The total value of trust bailouts paid out by the Department of Health so far this financial year has already outstripped last year’s total, HSJ research shows.
Data from the DH shows it has paid £840.8m in the first three-quarters of 2014-15 to help trusts that were running at a deficit, compared to the £759.8m in 2013-14.
HSJ’s analysis highlights the increased pressure faced by NHS provider organisations over the past nine months.
The trust receiving the most support so far this year is London North West Healthcare Trust, which has received £17.9m. It was formed from the merger of Ealing Hospital Trust and North West London Hospitals Trust in October, with the latter receiving £61.2m in bailout earlier in 2014-15.
Most of 2014-15’s increase on last year’s total is in the foundation trust sector. Foundation trusts received £118.1m in temporary public dividend capital revenue support from the DH in 2013-14, compared with £282.8m so far in 2014-15.
The DH defines “temporary public dividend capital” as cash “issued to cover short term cash flow problems”.
“Permanent” revenue support payments are defined as “agreed deficit support applications” that can be either multiyear recovery plans or “interim” and agreed for only one financial year. The DH data did not distinguish between the two different categories of permanent revenue support payments. There is not yet information on how much trusts had repaid to the DH in 2013-14 or 2014-15.
Applications for bailout funding are made by trusts to their regulator - the NHS Trust Development Authority for NHS trusts and Monitor for foundation trusts - which then submit a request on their behalf to a DH committee called the independent trust finance facility.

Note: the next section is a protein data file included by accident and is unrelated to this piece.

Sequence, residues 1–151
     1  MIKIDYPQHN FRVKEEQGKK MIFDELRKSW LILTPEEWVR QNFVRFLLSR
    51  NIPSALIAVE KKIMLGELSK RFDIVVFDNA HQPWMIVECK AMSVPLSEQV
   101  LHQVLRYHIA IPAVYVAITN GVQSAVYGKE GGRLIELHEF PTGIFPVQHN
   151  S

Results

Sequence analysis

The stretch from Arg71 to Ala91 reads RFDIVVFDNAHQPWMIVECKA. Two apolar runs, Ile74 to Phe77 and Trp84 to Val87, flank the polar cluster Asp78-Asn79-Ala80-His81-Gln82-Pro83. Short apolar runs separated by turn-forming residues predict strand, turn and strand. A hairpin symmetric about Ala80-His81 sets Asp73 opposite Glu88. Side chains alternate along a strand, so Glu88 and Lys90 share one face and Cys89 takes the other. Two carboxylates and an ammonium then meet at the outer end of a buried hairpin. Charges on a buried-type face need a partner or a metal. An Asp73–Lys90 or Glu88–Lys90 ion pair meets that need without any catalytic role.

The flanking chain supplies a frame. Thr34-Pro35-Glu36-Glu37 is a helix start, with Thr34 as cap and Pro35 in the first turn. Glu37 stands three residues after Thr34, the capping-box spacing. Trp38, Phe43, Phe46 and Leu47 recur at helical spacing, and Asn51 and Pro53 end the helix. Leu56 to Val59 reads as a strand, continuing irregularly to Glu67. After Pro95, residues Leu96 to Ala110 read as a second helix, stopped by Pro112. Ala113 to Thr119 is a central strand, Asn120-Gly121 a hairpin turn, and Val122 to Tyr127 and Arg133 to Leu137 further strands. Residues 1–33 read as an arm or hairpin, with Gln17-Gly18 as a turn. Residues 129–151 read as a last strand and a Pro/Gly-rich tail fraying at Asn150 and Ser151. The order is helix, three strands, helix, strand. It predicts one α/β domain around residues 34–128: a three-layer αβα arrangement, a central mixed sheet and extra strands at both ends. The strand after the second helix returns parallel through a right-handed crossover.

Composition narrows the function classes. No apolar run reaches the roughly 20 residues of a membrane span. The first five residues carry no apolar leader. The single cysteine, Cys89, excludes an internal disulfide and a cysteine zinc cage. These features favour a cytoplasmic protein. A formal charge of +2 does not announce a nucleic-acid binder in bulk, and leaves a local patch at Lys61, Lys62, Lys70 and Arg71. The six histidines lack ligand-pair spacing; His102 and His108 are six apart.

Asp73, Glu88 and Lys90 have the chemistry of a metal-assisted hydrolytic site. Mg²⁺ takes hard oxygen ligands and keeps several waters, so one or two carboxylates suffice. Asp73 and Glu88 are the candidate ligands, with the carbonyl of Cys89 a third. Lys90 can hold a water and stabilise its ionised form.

Richard Murray, the King’s Fund’s director of policy and a former senior DH official, said: “It’s a long time since NHS finances have been so grim. More organisations are running out of cash and those that got it last year got more this year.
“The problem for the [facility] is it is not very easy for them to say no if a trust says to them, ‘our staff are going to get a surprise when they don’t get paid this month’.”
He added: “When you see how many organisations are dependent on the DH you realise just how far we are from [former health secretary] Andrew Lansley’s vision of a devolved service.”
Anita Charlesworth, chief economist for the Health Foundation, said the data “highlighted just how much time and money it is taking to put some organisations on to a sustainable footing, and as a result how challenging the special administration regime is proving to be in practice”.
The payments listed for this year include £58.9m of payments to the now dissolved Mid Staffordshire Foundation Trust after it was put through the trust special administration process.
The records for 2013-14 show £28.5m in temporary revenue support paid to South London Healthcare Trust, which was dissolved in October 2013.
A spokeswoman for the DH said: “We expect NHS trusts to have a strong grip on their finances. When trusts develop and stick to strong recovery plans, we provide short term funding to make sure they continue to deliver safe and sustainable services.”
HSJ this week revealed that Hinchingbrooke Health Care Trust had applied to the TDA for £9.6m in bailout this year.
- Department of Health and Social Care (DHSC)
- East Midlands
- East of England
- HINCHINGBROOKE HEALTH CARE NHS TRUST
- King's Fund
- NHS Trust Development Authority
- Nuffield Trust
- SHERWOOD FOREST HOSPITALS NHS FOUNDATION TRUST
- UNIVERSITY HOSPITALS OF LEICESTER NHS TRUST
- UNIVERSITY HOSPITALS OF NORTH MIDLANDS NHS TRUST